David Rowley, of Ilam school, asks :-
How does acid rain form?
Reimer Herrmann, an environmental chemist and hydrologist at the University of Bayreuth, Germany, who regularly visits New Zealand to work with scientists at our Forest Research Institute, responded.
The burning of fossil fuels (coal, oil and petrol) in power-plants, metal-smelters, homes, cars etc produce vast quantities of waste gases such as sulphur dioxide and nitrogen oxides. When these mix with oxygen and water in the atmosphere they produce sulphuric acid and nitric acid respectively. Similarly, ammonia emitted by animals also produces nitric acid.
In heavily industrialised areas, such as in Europe and the Northeast part of America, the acid concentrations are very high. Winds can carry these acids over long distances, perhaps to other countries, before they reach the ground as acid rain, acid snow or acid fog. Thus lakes and rivers in southern Norway become acidified from sulphur dioxide and nitrogen oxide from British power-plants and traffic, and Dutch piggeries emit ammonia which produces nitric acid rain which falls over northwest Germany.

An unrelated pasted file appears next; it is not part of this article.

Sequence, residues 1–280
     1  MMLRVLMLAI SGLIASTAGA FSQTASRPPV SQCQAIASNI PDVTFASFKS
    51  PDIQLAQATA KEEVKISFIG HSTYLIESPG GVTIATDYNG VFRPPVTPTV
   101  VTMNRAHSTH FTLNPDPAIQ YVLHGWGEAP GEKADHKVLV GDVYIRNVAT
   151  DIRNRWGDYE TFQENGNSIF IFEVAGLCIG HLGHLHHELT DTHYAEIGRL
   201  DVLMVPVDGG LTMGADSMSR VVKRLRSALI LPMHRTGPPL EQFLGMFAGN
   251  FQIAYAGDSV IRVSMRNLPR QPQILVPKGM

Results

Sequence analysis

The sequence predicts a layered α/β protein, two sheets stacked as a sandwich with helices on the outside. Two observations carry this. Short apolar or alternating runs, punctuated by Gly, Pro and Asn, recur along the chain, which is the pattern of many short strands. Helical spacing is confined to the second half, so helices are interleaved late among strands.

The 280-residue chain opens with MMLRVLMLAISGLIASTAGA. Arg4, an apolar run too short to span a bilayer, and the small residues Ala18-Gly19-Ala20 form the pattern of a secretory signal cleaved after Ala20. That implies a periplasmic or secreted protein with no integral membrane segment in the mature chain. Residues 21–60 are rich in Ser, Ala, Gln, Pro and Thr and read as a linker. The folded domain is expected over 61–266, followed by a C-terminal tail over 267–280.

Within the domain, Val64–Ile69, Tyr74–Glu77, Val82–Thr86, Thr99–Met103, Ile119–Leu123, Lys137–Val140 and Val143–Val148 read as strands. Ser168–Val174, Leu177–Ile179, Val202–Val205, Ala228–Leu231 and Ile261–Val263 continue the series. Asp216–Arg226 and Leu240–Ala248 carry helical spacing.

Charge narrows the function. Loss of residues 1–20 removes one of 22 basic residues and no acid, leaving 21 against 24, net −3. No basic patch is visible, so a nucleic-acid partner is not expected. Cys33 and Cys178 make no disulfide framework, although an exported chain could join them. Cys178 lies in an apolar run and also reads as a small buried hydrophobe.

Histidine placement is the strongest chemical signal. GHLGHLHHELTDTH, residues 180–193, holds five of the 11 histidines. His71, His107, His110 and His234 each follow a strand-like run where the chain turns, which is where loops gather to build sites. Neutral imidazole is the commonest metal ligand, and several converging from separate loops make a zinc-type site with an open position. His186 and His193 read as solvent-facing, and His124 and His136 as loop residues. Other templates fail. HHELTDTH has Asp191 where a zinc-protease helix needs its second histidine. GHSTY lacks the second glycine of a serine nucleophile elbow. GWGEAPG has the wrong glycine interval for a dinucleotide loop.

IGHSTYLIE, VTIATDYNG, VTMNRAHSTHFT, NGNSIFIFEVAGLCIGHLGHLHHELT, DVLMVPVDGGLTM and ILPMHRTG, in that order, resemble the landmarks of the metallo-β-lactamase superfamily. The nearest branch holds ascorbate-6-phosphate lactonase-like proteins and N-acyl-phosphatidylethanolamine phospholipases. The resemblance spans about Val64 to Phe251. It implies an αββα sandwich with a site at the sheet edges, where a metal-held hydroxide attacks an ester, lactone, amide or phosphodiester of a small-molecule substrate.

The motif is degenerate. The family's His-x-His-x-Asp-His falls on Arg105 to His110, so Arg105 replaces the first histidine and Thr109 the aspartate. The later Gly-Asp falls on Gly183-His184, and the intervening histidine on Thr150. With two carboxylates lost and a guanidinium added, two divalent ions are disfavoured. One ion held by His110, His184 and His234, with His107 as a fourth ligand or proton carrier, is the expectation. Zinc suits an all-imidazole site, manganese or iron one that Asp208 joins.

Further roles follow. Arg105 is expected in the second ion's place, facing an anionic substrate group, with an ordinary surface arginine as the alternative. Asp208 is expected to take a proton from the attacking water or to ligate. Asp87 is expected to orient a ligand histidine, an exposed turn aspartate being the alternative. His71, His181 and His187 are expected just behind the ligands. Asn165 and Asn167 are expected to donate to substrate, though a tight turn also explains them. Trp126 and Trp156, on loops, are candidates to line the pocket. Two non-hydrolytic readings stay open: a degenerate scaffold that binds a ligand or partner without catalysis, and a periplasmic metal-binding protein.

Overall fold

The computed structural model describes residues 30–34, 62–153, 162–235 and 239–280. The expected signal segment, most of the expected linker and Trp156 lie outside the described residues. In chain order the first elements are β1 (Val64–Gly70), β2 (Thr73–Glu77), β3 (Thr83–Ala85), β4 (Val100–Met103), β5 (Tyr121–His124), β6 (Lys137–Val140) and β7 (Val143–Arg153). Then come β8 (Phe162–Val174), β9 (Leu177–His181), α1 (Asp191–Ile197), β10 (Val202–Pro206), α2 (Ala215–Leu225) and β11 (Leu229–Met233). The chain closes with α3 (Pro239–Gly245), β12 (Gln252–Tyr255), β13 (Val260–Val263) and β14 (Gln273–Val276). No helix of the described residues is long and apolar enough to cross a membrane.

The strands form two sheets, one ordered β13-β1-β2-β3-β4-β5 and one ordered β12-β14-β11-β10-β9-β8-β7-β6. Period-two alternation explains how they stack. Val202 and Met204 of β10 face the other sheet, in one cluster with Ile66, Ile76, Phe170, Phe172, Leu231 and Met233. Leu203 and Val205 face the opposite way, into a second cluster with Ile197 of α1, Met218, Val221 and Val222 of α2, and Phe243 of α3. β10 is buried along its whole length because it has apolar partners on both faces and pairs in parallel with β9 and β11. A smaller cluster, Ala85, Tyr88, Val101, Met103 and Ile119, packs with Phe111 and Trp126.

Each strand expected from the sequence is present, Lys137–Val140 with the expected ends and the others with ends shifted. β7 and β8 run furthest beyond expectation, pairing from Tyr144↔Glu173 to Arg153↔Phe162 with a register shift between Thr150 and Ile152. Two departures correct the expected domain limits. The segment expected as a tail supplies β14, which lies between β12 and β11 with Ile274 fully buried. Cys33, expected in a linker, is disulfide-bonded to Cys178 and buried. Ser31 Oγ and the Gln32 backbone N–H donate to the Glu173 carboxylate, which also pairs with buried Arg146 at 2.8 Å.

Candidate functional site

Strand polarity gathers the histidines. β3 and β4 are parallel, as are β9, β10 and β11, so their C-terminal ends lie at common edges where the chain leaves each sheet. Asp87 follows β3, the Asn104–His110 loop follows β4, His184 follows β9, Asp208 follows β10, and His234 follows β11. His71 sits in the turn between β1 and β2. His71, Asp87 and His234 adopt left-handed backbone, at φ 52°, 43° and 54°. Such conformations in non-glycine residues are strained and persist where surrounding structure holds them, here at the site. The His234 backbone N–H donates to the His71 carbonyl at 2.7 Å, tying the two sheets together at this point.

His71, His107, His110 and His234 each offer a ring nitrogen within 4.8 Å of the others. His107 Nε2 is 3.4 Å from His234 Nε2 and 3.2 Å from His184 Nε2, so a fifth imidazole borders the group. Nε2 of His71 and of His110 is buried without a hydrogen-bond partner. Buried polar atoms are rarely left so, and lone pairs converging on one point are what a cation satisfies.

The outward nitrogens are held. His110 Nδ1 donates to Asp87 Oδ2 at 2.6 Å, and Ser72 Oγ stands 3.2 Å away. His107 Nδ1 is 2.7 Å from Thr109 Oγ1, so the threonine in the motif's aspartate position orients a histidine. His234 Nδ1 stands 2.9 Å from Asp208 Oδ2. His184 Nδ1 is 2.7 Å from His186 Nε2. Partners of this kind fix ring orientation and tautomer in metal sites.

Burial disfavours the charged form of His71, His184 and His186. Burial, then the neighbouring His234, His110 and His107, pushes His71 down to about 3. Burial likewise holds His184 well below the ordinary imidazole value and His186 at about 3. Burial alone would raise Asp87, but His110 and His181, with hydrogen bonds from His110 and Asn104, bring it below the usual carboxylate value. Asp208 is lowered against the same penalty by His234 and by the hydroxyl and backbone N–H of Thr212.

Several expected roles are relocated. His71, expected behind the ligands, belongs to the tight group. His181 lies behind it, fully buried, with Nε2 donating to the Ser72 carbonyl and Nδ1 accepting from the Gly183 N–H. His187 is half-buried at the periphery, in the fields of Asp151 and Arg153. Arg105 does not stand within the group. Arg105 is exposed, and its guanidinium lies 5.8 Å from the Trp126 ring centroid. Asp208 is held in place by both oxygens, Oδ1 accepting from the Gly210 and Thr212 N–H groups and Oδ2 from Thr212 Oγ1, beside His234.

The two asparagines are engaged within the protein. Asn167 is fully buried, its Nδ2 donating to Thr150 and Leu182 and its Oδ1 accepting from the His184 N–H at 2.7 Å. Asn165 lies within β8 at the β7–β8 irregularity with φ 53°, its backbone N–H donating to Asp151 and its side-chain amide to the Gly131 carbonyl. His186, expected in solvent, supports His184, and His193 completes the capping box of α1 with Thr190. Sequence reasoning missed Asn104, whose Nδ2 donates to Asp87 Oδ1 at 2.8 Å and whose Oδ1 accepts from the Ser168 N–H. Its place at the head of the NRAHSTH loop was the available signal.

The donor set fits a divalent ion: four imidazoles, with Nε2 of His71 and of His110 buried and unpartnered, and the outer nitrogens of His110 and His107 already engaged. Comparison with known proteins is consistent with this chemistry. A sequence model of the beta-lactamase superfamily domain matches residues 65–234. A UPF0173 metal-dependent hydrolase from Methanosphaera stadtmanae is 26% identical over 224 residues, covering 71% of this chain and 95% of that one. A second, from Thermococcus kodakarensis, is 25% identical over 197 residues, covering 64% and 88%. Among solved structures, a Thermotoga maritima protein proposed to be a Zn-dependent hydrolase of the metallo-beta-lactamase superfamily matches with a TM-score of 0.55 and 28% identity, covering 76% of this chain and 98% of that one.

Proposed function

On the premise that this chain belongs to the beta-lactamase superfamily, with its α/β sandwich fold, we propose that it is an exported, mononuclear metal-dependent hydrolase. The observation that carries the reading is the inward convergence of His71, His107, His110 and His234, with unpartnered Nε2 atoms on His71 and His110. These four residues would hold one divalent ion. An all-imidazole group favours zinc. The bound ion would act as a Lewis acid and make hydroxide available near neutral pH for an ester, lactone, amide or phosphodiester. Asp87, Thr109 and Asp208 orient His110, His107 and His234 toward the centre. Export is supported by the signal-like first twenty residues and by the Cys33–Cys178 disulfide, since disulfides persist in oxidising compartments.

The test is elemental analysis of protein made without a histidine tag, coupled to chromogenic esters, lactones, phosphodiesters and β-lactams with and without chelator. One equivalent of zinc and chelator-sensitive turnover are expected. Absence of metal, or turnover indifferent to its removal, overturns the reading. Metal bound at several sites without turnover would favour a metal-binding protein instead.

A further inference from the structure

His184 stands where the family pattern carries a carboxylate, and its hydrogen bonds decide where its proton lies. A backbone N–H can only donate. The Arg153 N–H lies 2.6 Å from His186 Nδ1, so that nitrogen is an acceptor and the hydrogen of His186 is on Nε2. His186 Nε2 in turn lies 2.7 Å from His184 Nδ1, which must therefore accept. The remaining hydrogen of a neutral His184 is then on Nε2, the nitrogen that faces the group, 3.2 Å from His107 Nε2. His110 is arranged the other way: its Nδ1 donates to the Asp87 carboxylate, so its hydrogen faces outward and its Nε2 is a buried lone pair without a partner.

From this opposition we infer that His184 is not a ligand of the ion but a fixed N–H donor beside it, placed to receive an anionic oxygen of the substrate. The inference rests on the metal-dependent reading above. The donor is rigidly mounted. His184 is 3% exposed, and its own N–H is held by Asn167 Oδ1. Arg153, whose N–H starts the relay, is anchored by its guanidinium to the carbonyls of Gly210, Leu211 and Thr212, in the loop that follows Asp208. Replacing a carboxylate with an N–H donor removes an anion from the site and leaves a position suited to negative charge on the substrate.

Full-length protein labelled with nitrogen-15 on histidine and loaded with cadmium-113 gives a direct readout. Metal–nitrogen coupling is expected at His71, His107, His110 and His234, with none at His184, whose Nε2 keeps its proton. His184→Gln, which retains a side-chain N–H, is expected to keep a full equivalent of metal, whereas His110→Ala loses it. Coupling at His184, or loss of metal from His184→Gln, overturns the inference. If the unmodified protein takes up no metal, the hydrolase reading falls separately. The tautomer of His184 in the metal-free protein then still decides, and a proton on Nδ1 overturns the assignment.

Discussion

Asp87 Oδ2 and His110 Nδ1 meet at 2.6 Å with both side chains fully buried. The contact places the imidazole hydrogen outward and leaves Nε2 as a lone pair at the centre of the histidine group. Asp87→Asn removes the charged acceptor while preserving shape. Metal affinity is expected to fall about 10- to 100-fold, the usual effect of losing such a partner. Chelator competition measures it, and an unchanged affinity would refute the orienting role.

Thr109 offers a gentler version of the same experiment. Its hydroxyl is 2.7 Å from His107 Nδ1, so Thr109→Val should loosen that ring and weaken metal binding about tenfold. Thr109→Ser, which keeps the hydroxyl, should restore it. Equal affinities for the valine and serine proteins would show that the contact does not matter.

These acid levels are sufficiently high in many places to be harmful to plants, animals and even humans.
In contrast, the rain in New Zealand is only very slightly acidic and then only due to carbonic acid, a weak acid which is produced when carbon dioxide in the air dissolves in water. (This is the same as occurs in gassy mineral water or in fizzy drinks). It is naturally occurring and so weak that plants and animals are not affected by it.